Major League Baseball denies the Rays protest from Saturday’s game

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In case you missed it, the Rays protested Saturday’s game against the Blue Jays. The reason: umpire Bob Davidson allowed the Blue Jays to challenge a pickoff play at first base despite the fact that the pitcher, Mark Buehrle, was already on the mound and the Rays hitter was in the box. Once that happens, Section II.D of the replay rules says the previous play can no longer be challenged. The Jays won the challenge and the Rays’ baserunner was ruled out.

Moments ago Major League Baseball announced that the protest would be denied. No reason was given.

No reason was given, in all likelihood, because there is no reason for the ruling other than a lack of desire on Major League Baseball’s part to not overturn an umpire’s decision. But it’s clear that Davidson messed up and allowed a challenge when the rules did not call for one. This is where the players were when Gibbons came out to challenge the call, after all:

source:

And for what it’s worth, the baserunner was eliminated in a one-run game that was eventually decided by one run, so there can be no reasonable argument that the improper challenge was harmless. It could very well have made a difference in the game.

Of course this is one of the many dumb parts of having a replay rule tied to manager’s challenges.

UPDATE:  Worth noting — which I did not earlier, that Section K(4) of the Replay Regulations addresses game protests. It reads as follows:

“Official Baseball Rule 4.19 shall have no applicability to these Replay Regulations. No protest shall ever be permitted on judgment decisions by the Replay Official. Moreover, a violation of any rule or procedure set forth herein shall not constitute a basis for protesting a game.”

Likewise, the judgment of an Umpire is not grounds for a protest.

Which doesn’t mean that Davidson got things right here. And which basically makes no sense, at least insofar as the mechanics of replay are concerned. A replay official makes a call you don’t like? Fine, live with it, and don’t protest. The actual rules of replay itself are misapplied? I don’t understand why that should be exempted.

 

Derek Norris signing with the Rays

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Yahoo Sports’ Tim Brown reports that Derek Norris is signing with the Tampa Bay Rays.

Norris was released by the Nationals nine days ago, made redundant by the Nats’ signing of Matt Wieters and by everyone sliding down a notch on the depth chart below him. Norris hit only .186/.255/.328 with 14 home runs and a .528 OPS for the Padres in 2016.

Still, there always seems to be a place for a backup catcher. For Norris that place is Tampa Bay.

The Braves are banning outside food. And they’re probably lying about why they’re doing it.

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Here’s a thing a lot of people don’t realize: there are a lot of ballparks that allow you to bring in outside food.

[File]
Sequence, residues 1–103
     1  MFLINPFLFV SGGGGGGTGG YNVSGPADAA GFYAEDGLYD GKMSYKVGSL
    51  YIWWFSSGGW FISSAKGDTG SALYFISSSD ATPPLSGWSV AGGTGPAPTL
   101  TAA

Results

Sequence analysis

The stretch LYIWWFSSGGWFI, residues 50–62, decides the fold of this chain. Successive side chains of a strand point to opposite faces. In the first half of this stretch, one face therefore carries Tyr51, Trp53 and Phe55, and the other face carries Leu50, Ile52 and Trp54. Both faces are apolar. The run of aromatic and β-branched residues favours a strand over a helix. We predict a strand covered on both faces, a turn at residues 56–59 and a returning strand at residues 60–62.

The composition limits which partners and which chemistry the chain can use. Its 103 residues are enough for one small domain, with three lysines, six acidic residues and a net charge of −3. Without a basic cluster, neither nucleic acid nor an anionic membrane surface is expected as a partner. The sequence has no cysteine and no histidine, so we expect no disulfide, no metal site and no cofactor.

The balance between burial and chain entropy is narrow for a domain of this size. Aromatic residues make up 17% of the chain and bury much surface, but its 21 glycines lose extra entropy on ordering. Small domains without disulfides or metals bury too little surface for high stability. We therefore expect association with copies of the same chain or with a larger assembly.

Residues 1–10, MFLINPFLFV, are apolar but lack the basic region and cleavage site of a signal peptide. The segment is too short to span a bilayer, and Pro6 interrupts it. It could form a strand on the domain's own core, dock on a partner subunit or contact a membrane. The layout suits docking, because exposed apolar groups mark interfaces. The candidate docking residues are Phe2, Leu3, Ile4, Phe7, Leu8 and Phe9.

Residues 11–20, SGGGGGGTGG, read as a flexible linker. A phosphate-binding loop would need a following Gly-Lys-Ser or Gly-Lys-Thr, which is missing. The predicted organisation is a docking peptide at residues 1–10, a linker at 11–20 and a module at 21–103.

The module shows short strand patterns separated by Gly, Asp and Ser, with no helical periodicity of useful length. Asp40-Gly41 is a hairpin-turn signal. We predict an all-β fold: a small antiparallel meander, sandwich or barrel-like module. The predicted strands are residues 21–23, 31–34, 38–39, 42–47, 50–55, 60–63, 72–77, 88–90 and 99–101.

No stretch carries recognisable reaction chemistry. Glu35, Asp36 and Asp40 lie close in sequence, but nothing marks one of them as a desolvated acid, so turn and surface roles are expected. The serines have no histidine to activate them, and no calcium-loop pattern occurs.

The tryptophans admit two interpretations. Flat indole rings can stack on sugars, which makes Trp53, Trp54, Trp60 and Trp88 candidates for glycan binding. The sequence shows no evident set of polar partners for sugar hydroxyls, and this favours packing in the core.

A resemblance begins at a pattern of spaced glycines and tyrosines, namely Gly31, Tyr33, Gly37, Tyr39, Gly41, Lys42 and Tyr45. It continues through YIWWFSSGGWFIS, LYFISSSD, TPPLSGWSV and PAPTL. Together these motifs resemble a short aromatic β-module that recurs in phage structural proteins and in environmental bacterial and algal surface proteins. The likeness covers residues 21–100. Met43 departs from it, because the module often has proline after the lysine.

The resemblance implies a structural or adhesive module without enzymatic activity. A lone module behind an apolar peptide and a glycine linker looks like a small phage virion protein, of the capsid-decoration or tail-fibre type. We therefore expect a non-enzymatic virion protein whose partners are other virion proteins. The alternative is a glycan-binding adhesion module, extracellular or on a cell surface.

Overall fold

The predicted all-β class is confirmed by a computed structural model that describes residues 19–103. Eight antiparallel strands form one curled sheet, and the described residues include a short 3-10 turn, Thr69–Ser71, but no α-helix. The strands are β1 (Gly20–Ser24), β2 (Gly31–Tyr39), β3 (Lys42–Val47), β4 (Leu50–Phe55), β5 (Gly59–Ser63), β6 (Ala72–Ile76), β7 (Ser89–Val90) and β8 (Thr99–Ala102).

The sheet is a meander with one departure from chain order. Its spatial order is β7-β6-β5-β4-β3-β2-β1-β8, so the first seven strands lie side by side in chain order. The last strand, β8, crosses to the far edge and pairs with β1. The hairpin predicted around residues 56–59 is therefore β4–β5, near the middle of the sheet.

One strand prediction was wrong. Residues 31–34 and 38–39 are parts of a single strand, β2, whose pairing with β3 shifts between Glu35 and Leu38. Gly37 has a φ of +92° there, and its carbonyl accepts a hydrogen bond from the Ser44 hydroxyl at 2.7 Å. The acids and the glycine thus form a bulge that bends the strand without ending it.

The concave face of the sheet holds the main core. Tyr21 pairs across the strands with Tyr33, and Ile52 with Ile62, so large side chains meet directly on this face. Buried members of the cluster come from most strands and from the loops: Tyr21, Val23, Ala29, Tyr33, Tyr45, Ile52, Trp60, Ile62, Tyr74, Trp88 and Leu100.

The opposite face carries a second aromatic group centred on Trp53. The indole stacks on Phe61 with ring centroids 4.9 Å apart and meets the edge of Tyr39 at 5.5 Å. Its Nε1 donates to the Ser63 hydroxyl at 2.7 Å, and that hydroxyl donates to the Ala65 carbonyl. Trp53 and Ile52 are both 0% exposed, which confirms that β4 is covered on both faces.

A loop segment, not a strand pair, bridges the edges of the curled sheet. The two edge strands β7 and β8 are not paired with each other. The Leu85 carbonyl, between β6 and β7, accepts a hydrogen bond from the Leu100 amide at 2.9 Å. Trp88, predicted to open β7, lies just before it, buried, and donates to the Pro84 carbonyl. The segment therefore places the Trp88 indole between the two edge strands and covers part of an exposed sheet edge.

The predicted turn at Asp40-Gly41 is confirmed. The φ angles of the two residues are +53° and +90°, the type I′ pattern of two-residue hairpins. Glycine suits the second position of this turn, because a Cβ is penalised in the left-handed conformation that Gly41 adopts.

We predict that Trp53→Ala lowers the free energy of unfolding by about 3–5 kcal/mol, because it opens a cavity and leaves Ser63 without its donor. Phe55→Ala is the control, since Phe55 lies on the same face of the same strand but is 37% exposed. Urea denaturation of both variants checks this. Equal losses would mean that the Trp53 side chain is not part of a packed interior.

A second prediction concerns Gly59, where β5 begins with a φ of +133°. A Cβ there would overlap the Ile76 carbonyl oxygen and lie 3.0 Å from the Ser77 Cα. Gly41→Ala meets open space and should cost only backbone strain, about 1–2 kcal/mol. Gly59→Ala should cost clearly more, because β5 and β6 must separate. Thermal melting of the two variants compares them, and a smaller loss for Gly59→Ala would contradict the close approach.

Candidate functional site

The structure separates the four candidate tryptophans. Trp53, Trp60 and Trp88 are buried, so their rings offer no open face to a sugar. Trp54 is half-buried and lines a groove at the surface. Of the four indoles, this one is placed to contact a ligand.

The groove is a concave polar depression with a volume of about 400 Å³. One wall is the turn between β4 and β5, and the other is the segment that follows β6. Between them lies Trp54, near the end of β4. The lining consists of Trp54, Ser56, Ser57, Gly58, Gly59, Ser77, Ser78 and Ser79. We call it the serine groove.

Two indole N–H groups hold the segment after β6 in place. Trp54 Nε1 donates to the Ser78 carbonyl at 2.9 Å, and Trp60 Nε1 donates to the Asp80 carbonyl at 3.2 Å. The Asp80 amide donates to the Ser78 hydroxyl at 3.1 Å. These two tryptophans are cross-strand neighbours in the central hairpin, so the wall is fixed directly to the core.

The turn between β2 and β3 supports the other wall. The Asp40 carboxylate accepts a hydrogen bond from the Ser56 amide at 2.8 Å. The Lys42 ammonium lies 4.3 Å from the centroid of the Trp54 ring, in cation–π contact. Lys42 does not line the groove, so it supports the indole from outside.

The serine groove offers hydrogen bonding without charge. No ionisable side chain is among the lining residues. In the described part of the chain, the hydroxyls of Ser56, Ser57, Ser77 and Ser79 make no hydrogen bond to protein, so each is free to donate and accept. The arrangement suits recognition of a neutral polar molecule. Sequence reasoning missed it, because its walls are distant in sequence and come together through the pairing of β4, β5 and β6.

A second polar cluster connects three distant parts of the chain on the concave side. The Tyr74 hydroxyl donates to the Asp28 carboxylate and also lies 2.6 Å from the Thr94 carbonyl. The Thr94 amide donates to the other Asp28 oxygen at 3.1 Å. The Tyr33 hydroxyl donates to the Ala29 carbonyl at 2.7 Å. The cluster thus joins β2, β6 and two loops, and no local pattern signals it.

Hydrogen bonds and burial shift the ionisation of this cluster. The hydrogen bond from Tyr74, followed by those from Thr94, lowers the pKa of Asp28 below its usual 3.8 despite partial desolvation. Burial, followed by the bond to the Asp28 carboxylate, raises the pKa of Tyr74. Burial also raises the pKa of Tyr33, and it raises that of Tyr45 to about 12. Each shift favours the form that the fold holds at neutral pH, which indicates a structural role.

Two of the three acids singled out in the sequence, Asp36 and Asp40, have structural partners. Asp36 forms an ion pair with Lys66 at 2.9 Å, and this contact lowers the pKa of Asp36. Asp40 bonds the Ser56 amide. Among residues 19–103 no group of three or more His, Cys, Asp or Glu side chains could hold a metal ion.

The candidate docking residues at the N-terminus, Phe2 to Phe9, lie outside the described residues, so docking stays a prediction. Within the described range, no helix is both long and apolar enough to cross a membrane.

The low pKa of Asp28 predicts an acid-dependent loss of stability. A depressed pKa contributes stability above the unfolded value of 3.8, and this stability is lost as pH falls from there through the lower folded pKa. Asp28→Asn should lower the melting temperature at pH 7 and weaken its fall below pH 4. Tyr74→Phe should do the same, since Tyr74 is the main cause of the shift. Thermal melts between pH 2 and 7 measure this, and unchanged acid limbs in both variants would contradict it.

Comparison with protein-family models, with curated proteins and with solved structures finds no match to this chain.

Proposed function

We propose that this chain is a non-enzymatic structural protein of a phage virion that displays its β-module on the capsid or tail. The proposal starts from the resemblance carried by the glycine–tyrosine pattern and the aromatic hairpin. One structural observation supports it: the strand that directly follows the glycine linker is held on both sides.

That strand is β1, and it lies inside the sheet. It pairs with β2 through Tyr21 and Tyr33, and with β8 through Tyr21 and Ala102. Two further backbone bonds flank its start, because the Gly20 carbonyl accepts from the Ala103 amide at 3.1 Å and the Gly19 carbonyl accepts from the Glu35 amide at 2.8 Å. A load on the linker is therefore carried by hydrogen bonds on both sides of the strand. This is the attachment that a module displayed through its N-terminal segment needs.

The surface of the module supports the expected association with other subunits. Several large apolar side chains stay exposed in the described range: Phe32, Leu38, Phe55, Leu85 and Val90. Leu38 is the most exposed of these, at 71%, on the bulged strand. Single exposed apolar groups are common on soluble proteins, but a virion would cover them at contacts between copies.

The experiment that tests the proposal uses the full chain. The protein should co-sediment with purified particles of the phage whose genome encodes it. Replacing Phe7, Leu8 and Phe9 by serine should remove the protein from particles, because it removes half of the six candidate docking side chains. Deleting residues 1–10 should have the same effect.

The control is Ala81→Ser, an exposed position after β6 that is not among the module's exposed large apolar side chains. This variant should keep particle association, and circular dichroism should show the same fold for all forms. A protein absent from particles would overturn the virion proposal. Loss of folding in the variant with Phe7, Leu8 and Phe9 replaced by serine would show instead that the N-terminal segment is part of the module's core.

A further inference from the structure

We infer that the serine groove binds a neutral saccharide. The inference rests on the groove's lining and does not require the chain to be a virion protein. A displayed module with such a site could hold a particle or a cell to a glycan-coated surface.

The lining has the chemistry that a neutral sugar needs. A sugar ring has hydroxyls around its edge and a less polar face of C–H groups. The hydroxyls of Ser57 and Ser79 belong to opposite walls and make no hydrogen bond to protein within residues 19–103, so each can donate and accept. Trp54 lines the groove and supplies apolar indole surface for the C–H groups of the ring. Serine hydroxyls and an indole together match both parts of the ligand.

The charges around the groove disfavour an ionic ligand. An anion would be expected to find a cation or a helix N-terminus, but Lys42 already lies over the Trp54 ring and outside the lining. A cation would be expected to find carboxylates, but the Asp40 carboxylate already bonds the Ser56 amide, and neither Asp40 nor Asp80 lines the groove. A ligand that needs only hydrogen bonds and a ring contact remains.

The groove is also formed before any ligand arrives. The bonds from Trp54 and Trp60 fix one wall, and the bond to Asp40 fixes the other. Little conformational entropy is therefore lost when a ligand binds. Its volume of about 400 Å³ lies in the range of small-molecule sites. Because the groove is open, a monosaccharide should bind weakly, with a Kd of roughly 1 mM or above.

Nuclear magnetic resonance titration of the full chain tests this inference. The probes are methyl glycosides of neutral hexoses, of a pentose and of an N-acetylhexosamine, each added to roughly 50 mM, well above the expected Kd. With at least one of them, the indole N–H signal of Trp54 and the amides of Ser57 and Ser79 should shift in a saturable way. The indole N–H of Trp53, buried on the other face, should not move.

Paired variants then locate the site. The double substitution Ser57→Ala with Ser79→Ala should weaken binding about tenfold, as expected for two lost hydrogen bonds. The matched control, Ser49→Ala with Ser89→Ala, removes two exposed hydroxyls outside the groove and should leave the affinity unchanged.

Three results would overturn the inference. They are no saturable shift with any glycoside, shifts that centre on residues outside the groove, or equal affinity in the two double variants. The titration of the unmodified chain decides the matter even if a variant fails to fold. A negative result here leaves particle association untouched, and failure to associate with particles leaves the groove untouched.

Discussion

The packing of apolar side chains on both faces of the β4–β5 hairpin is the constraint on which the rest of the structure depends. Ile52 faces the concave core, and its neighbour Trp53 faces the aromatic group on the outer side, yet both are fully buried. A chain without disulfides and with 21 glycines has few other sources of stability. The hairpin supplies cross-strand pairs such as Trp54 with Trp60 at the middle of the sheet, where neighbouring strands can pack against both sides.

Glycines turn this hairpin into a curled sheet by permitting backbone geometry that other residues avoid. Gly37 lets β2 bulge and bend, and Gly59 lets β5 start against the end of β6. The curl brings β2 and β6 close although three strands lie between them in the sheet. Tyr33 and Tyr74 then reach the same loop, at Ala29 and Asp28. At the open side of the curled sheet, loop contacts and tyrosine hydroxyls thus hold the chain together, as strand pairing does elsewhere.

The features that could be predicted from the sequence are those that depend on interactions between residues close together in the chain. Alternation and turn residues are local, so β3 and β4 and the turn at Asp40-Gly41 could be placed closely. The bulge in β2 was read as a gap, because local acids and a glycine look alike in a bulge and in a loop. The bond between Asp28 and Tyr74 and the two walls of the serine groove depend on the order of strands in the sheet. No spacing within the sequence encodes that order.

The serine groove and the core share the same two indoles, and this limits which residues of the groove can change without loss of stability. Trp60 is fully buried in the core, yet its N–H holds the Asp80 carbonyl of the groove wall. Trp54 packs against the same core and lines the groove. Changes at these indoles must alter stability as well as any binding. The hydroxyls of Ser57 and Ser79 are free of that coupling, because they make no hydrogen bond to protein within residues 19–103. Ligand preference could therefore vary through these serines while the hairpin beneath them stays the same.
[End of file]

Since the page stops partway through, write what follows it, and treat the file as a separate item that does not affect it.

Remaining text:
Not all of them, but a lot do. They don’t publicize it, obviously, because they want you to buy their expensive food, but if you go to the concessions policy page on most team’s websites, you can get the scoop. It often lists “soft-sided coolers” under “permitted items,” which is code for “yes, you can bring your own food in.” Some may specifically limit THAT to sealed plastic water bottles, but for the most part, if you can bring soft-sided coolers into the park, that means it’s OK to bring in grandma’s potato salad and a few sandwiches. They may check your coolers, of course, to make sure you’re not bringing in alcohol or whatever.

The Atlanta Braves have always allowed food into the ballpark. But thats going to change in shiny new Sun Trust Park. The AJC reports that the Braves have announced a new policy via which ticket holders will not be allowed to bring in outside food. Exceptions will be made for infant food and for special dietary restriction items.

Which, OK, it’s their park and their rules. If they want to cut out the PB&J for junior and force you to buy him a $9 “kids pack” — or if they want you to forego grandma’s potato salad to buy that pork chop sandwich we mentioned yesterday — that’s their choice. Everything else about the Braves new stadium has been about extracting money from fans, so why not the concessions policy too?

My beef with this is less about the policy. It’s about their stated reason for it:

The changes are a result of tighter security being put into place this season throughout the league, said the Braves spokesperson.

This, as the French say, is horses**t.

We know it is because not all teams are prohibiting outside food. If there are tighter security measures across the board, other teams are implementing them without the food restriction. Even the Yankees, who take security theater to extreme heights as it is, are still allowing fans to bring in their own food.

The Braves, I strongly suspect, are using these measures as an excuse to cut down on competition for their concessions. Which, like I said, go for it. Just be honest about what you’re doing and stop blaming “tightened security” for your cash grab.